Changing Putin: The U.S. and Europe must find something that works

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The Obama administration has not yet mastered the art of obtaining civilized behavior from Russia and President Vladimir V. Putin.

It may be that the task is impossible — that Mr. Putin is a throwback to some of Russia’s autocratic, despotic czars and that he will remain fairly impervious to U.S. actions. Russia’s conduct, however, is not conducive to interconnected, 21st-century relations, which include respect of arms accords.

Mr. Putin’s recent leadership has been appalling and not beneficial to Russia. Seizing Crimea from Ukraine did not change Russia’s relationship with it, which has been governed by the presence of the Russian naval base there. Russian support of the Russian-Ukrainian separatist thugs got Moscow nothing. Russia’s behavior in the shoot-down of the Malaysian airliner was shameful, to the point of being reckless and inhuman. Whatever Russia gained in terms of a demonstration of power, it lost in the world’s perception of it as a serious, responsible nation.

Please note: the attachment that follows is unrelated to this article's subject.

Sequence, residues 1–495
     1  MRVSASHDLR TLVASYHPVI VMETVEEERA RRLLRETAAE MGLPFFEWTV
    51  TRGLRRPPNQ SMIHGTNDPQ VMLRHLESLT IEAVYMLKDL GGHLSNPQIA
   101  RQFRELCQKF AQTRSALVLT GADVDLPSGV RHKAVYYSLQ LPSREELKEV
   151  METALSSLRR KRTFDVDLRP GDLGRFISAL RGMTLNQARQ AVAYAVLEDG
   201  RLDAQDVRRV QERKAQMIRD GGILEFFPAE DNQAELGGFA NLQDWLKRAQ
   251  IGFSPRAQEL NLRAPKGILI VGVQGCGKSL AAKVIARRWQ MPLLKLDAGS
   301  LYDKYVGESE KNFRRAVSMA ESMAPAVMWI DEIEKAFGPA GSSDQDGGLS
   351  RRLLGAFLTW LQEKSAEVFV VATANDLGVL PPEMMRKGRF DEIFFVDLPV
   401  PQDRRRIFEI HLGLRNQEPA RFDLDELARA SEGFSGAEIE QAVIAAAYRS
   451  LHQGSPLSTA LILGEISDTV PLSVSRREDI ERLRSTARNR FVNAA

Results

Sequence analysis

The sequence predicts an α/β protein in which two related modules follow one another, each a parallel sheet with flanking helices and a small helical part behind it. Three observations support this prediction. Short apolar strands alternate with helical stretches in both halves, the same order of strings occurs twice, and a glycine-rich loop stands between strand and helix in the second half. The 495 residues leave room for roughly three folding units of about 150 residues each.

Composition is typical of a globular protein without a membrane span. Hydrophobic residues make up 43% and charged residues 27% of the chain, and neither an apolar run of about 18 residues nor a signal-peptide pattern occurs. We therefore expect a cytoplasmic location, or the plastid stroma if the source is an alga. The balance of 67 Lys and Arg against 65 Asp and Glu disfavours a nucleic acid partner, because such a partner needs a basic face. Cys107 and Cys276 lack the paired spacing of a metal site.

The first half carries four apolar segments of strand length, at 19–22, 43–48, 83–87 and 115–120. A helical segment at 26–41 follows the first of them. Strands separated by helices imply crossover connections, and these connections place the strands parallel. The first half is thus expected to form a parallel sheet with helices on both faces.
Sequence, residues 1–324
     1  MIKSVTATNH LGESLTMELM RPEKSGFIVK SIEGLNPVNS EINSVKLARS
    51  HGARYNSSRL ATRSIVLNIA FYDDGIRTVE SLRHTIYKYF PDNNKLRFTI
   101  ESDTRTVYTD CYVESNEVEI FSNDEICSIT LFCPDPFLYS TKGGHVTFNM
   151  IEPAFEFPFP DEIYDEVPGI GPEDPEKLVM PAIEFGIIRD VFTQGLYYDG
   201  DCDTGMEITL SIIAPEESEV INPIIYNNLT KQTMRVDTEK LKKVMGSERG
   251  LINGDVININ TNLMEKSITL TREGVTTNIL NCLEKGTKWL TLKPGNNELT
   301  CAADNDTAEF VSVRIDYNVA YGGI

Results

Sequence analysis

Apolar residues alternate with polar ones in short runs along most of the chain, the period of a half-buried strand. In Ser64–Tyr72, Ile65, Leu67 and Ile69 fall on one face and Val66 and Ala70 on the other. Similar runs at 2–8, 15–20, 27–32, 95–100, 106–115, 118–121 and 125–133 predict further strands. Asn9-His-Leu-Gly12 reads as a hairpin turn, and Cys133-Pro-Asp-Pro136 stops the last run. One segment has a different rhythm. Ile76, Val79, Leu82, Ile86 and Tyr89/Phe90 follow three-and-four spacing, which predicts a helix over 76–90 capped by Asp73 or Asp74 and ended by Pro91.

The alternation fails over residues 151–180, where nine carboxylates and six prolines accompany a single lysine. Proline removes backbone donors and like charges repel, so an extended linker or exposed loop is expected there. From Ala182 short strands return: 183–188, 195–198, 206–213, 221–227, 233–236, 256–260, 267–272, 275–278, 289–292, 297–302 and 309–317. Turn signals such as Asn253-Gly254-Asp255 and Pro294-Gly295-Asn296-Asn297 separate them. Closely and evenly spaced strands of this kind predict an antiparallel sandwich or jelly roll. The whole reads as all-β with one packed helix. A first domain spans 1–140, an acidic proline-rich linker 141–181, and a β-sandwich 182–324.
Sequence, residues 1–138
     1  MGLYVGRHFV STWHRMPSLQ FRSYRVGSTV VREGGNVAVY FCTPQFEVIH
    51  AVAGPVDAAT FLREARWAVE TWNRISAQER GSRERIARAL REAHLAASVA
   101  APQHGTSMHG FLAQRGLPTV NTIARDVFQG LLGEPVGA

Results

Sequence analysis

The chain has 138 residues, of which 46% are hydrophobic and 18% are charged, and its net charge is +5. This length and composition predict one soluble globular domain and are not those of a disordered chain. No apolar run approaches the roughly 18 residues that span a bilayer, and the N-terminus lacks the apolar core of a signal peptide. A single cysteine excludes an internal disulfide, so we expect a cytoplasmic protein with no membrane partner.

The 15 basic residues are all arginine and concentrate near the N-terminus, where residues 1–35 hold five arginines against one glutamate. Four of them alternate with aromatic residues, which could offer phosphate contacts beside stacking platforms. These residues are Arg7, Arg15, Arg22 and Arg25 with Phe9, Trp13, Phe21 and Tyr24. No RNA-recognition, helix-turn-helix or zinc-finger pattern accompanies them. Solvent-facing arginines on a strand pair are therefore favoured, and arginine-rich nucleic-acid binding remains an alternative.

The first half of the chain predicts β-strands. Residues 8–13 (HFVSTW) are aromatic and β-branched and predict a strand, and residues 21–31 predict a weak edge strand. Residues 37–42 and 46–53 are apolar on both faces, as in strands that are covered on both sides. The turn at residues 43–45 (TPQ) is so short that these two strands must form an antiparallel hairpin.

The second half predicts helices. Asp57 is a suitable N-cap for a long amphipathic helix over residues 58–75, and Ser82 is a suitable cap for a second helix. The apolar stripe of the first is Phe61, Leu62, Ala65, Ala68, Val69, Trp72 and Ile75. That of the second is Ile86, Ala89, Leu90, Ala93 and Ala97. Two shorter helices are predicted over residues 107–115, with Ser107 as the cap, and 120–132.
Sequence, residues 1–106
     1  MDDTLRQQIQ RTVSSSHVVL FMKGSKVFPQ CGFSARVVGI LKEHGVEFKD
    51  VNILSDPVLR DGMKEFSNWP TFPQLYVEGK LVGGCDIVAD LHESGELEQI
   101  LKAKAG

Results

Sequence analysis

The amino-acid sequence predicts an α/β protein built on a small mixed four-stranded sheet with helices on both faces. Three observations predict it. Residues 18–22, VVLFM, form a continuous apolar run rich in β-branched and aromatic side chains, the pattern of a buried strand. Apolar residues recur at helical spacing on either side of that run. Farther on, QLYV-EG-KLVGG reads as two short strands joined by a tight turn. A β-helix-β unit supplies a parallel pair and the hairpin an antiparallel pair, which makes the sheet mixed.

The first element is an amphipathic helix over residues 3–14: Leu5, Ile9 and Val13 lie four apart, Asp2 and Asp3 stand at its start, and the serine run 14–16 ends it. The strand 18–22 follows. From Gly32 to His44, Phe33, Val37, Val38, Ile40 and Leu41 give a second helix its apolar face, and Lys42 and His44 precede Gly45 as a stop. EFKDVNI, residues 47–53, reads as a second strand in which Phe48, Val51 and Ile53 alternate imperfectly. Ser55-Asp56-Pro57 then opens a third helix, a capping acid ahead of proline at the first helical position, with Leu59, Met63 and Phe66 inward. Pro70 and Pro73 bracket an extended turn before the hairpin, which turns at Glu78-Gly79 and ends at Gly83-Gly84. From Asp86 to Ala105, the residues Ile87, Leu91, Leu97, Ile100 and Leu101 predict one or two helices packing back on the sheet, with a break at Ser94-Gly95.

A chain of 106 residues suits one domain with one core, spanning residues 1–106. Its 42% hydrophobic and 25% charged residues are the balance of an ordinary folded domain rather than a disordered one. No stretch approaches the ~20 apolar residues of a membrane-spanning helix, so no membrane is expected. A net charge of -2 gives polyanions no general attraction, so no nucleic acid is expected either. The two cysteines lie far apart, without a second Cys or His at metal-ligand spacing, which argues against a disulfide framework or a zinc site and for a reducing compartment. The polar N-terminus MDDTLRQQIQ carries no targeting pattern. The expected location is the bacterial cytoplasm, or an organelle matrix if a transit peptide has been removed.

That said, the sanctions imposed by the United States and Western Europeans in response are flawed. The intent is that economic punishment would lead Mr. Putin to change course. The problem is that Russians are used to economic hardship and do not throw leaders out over that. The second flaw in U.S. policy is the assumption that Mr. Putin would change his behavior due to Russian discontent. He is firmly on top in Moscow.

The trick for American leaders would be to gain his confidence and persuade him that he is damaging himself and Russia with his irresponsible behavior. He should also be reassured that no one is courting neighbors Georgia, Moldova or Ukraine for imminent EU membership.

Mr. Putin puts a lot of stock in national and personal pride. He needs to understand that he could do irreparable harm to both through his actions in Ukraine.

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